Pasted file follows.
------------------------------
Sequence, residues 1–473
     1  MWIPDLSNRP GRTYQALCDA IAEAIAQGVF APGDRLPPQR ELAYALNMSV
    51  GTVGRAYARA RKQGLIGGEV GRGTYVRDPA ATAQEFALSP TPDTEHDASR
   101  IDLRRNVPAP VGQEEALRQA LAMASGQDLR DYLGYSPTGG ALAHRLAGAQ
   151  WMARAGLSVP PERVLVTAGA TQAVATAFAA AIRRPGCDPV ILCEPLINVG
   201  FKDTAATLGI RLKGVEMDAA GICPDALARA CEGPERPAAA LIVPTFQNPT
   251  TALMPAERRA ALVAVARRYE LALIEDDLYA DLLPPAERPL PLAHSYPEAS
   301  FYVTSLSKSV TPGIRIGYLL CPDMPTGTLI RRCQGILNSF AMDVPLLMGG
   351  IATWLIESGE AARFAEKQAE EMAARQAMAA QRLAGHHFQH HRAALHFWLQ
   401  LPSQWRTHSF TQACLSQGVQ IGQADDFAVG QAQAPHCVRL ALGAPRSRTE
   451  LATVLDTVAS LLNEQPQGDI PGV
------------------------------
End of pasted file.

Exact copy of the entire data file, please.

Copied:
Sequence, residues 1–473
     1  MWIPDLSNRP GRTYQALCDA IAEAIAQGVF APGDRLPPQR ELAYALNMSV
    51  GTVGRAYARA RKQGLIGGEV GRGTYVRDPA ATAQEFALSP TPDTEHDASR
   101  IDLRRNVPAP VGQEEALRQA LAMASGQDLR DYLGYSPTGG ALAHRLAGAQ
   151  WMARAGLSVP PERVLVTAGA TQAVATAFAA AIRRPGCDPV ILCEPLINVG
   201  FKDTAATLGI RLKGVEMDAA GICPDALARA CEGPERPAAA LIVPTFQNPT
   251  TALMPAERRA ALVAVARRYE LALIEDDLYA DLLPPAERPL PLAHSYPEAS
   301  FYVTSLSKSV TPGIRIGYLL CPDMPTGTLI RRCQGILNSF AMDVPLLMGG
   351  IATWLIESGE AARFAEKQAE EMAARQAMAA QRLAGHHFQH HRAALHFWLQ
   401  LPSQWRTHSF TQACLSQGVQ IGQADDFAVG QAQAPHCVRL ALGAPRSRTE
   451  LATVLDTVAS LLNEQPQGDI PGV